I was glad to see John Roberts’ kind letter in the Ely Times in response to a column of mine about the problems with renewable energy. It shows people are beginning to think critically about our energy policies in general and Nevada’s energy future in particular. It is better to have a dialogue than a monologue.
“Mr. Mitchell is correct when he says our tax dollars go toward tax breaks and subsidies for renewable energy. But this is also true of all forms of energy,” Mr. Roberts writes. “Fossil fuel, natural gas, hydroelectric and nuclear power are subsidized in one form or another, and have been for some time. It has always been recognized that it is in the national interest to have a ready and affordable source of electricity available. In 1936, Congress established the Rural Electrification Act to provide loans and make other funding available to rural areas that otherwise would not receive electric power.”
My grandparents were still using kerosene lanterns and wood stoves out on their farms when I was a child, but under the REA they soon had electric lights and radios.
Energy consumption is a key economic indicator, despite Obama’s chagrin that the USA has only 5 percent of the world’s population but consumes a quarter of the world’s energy. We don’t just consume it by watching TV and playing video games, though. We consume it while producing one of the world’s highest outputs of goods — crops, cars, trucks, machinery, electronics, etc. — and quality of life. A quarter of the world’s GDP comes from the United States.
Conservation for conservation’s sake is a self-inflicted wound. Conservation to cut cost and improve the profit margin is wise.
And, yes, oil and gas and nuclear have been “subsidized” in the form of various tax breaks, but the level of subsidy is greatly tilted toward renewables, especially in this administration, as this chart shows, because the solar subsidy is off the chart by a factor of 10-plus.
Although I have trouble with government picking winners and losers, I would have less heartburn if government were perhaps funding research to make “green” energy viable in the marketplace instead of just propping up existing technology with taxpayer and ratepayer funds. Wind and solar still cost anywhere from two to four times as much as fossil fuels — and the price of natural gas keeps going down as production exceeds demand.
NV Energy has contracted to pay some solar energy plants as much as 13.5 cents per kilowatt-hour. Residential customers are currently paying less than 12 cents per kwh. How long can that last?
Mr. Roberts continues, “Mr. Mitchell is also correct when he says the sun doesn’t always shine; nor does the wind always blow. But this isn’t a concern. Peaking power plants are designed to come on line quickly, either to provide additional power during ‘peak’ or high usage, or to stand in for power plants scheduled for maintenance.”
The problem is two-fold: Double capitalization for the idle peaking generator and that the stop-and-go reduces their efficiency and increases greenhouse gas output, negating the major purpose of “green” energy.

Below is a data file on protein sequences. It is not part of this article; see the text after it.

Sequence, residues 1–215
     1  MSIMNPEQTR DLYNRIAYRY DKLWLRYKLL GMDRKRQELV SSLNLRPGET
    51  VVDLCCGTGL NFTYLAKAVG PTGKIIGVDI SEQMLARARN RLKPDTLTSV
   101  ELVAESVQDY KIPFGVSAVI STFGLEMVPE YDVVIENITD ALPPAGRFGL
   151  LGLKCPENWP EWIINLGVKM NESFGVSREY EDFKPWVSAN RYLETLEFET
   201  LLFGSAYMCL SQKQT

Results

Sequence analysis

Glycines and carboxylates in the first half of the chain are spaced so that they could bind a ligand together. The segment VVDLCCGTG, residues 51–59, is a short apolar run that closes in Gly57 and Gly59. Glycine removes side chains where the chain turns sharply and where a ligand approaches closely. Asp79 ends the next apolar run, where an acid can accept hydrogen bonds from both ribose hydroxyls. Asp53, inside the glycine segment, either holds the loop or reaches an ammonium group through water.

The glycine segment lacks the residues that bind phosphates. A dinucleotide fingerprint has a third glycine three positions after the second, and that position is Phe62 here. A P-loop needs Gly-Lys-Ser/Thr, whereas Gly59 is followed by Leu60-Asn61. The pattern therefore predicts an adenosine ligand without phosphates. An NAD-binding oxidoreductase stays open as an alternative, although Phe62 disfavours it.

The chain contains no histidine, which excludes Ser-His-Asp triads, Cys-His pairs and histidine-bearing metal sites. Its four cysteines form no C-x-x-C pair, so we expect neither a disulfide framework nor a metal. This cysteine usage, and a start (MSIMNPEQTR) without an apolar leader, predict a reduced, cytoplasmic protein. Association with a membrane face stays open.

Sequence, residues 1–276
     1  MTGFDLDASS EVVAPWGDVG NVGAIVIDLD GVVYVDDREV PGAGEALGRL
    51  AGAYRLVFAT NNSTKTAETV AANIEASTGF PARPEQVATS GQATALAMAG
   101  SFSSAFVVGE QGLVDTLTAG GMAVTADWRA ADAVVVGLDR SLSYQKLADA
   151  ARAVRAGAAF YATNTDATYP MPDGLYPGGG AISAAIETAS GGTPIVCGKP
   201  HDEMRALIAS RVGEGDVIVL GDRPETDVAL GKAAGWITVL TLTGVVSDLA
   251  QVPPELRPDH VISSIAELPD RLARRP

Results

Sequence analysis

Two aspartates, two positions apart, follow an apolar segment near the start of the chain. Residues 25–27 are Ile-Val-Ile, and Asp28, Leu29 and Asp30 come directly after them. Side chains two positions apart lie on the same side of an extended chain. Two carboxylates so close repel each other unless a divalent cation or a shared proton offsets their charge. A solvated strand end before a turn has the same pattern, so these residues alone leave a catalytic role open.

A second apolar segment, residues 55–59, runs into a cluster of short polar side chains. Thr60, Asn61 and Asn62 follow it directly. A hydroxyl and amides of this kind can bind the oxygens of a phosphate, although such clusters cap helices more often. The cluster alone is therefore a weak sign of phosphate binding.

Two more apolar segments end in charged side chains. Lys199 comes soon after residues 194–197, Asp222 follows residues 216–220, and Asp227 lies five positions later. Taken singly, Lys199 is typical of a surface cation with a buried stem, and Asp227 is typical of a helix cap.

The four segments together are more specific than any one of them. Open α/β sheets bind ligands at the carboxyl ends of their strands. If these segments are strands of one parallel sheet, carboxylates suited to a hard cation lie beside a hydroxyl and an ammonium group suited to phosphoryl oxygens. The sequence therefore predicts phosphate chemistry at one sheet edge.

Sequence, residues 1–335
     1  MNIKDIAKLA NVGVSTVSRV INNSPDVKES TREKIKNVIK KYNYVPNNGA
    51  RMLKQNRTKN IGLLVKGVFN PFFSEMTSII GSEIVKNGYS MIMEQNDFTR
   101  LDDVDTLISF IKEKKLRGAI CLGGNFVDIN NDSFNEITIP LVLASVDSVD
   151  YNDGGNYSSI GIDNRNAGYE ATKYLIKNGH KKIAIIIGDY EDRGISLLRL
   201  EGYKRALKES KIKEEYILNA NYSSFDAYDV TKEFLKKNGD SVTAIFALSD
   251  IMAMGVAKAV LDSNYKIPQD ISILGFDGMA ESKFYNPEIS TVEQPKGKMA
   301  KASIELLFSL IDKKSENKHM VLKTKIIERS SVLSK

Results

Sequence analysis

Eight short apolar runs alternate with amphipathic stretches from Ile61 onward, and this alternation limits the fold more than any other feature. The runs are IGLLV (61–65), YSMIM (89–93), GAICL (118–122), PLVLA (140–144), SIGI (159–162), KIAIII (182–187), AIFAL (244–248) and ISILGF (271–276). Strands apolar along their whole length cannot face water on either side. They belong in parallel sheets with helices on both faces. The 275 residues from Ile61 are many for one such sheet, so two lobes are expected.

“Wind and solar energy are only part of our nation’s wide approach to energy production,” Mr. Roberts continues. “But in a state like Nevada where there are no fossil fuels, no natural gas and not enough water to support nuclear energy, wind and solar are a viable energy alternative.”
Yes, wind and solar could well provide a viable alternative in the future, but now we are paying higher tax and power bills for existing technology that hopefully soon will be obsolete. Meanwhile, we are building plants that will last 20 or 30 years — and never will pencil out without a hefty subsidy. Obama and Harry Reid call that an “investment” in the future. I call it pouring money down a rat hole.
Wisconsin is currently experiencing the practical bottom line impact of going “green.”
Alliant Energy Corp. recently announced its wind farm subsidiary is dragging the company profits down and plans to sell its wind division.
According to the Milwaukee Journal Sentinel, Alliant posted net income of 51 cents a share for this past quarter, up 21 percent from a year ago. However, its wind subsidy lost 19 cents a share. The company said profit for its wind projects “experienced modest erosion.”
“Nevada has the potential to be a clean energy exporter and create jobs,” Mr. Roberts concludes. “Let’s put politics aside and do what makes sense for the Silver State.”
I agree whole-heartedly. Put politics aside, because right now it is “politics” that is pushing “green,” demanding it be a quarter of Nevada’s energy portfolio and a third of California’s. Other states are building their own “green” plants. A few may wake up and decide those portfolio standards are too costly. There may be no place to export to. Right now, Nevada has all the electric power it needs for years to come.
Fund research for “green” energy, perhaps. But propping up technology that is not yet ready for the marketplace and prime time is foolish. Why should a “green” power company innovate if Uncle Sam and the state legislators can guarantee a profit? Just build it, and take the checks to the bank.